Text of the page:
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Hell, present day.
Thomas Fool has been sent to escort a delegation from Heaven for the periodic Elevations. Some souls are going to be released up to salvation, which is occasionally visible through the dark clouds always shifting above Hell.
Fool is one of the Eternal Damned City’s three Information Men–a detective. He and his colleagues investigate crimes against humans and demons alike. Or they’re supposed to. But Hell is wide and they’re only three and no one really cares. No one really expects them to solve anything.
Except for the canisters marked with blue ribbons.
You see, their assignments arrive in their rooms in pneumatic tubes like banks (Hell is extremely similar to Earth only much, much filthier and with demons) and the canisters are wrapped in ribbons. Most ribbons are red and the parchments within can safely be stamped DNI (Do Not Investigate) and returned to the tube.
Blue ribbons must be looked into, however.
The day the Heavenly delegation arrives, which consists of Adam, a beatific fellow, Balthasar, of the old school who misses the way Hell used to be run with the lakes of fire–think Dante, and an archive and scribe for assistants, a blue-ribbon-wrapped canister arrives and things get chaotic even for Hell.
A human was killed–this happens all the time, so what–but his soul was removed afterward. Only something ancient, evil and very, very powerful could do such a thing.
We’re talking about the sort of ancient and evil and powerful that frightens the present-day demons of Hell.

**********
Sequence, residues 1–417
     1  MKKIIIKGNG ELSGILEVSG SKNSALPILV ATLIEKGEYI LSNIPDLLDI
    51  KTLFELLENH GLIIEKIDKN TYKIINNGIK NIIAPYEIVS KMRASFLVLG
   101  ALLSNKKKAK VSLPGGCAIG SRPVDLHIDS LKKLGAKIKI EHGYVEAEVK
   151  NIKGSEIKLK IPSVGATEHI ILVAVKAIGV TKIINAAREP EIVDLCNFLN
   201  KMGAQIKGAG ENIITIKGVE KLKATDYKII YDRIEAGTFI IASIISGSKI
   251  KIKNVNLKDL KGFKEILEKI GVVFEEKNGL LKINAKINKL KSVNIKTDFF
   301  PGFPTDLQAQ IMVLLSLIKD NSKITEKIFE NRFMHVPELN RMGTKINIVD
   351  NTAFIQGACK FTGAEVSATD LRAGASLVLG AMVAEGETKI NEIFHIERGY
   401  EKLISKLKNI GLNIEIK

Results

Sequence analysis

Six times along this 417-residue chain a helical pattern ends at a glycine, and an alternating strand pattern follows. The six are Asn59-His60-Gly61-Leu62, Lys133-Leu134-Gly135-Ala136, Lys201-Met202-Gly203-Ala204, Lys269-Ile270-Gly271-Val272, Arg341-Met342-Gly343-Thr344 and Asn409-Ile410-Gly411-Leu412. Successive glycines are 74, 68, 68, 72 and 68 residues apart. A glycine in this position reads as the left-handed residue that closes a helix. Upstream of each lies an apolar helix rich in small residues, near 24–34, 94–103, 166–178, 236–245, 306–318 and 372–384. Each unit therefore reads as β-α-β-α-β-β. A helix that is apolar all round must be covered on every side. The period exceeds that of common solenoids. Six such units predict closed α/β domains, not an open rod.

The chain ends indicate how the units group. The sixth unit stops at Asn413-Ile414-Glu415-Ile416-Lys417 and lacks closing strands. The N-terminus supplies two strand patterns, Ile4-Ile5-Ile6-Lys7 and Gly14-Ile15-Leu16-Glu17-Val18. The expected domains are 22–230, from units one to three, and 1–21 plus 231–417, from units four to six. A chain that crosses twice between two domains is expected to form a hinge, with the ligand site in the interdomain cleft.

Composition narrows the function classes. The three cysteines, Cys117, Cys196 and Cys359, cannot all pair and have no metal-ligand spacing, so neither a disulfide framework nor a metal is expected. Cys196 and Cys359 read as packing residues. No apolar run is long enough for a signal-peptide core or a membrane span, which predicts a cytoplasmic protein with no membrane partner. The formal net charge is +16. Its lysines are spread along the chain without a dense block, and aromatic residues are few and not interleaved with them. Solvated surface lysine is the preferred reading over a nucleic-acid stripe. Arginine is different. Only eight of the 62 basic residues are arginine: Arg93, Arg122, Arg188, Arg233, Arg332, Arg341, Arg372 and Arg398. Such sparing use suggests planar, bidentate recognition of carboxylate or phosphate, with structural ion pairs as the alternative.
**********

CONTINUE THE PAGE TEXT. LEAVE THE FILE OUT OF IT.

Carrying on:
The Bureaucracy who runs Hell (ancient demons) want answers enough they’re willing to put their trust and resources in a mere human.
They’re also rather curious about something that used to be a human, but who is now known as The Man of Plants and Flowers. He’s become one with the flora and fauna of the underworld and this is threatening, as he can no longer be quantified as human or demon.
Fool’s assignment is to find out what’s eating souls and what The Man is, exactly. This assignment will take him through the worst and worst-er parts of Hell. (There are no good parts just less-terrible.) He will come face-to-face with an array of types of demons.
On his quest to discover the truth, Fool will also find out just who he really is.
The Devil’s Detective takes place in a fully-realised Hell. Unsworth’s gift of description and atmosphere are vivid and creative. The reader learns about the darkest areas of perdition along with Fool and walks alongside him into some chilling situations.
Things are a-changin’ in Hell and we get to come along for the ride.
And the ending was great.
Well-written, dark fantasy, great fun. 5/5